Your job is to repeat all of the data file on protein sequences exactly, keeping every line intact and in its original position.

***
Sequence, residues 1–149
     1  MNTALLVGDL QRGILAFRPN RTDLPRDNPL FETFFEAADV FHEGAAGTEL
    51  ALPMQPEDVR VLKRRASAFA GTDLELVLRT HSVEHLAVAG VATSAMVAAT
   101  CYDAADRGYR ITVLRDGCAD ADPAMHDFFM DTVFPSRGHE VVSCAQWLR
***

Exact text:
Sequence, residues 1–149
     1  MNTALLVGDL QRGILAFRPN RTDLPRDNPL FETFFEAADV FHEGAAGTEL
    51  ALPMQPEDVR VLKRRASAFA GTDLELVLRT HSVEHLAVAG VATSAMVAAT
   101  CYDAADRGYR ITVLRDGCAD ADPAMHDFFM DTVFPSRGHE VVSCAQWLR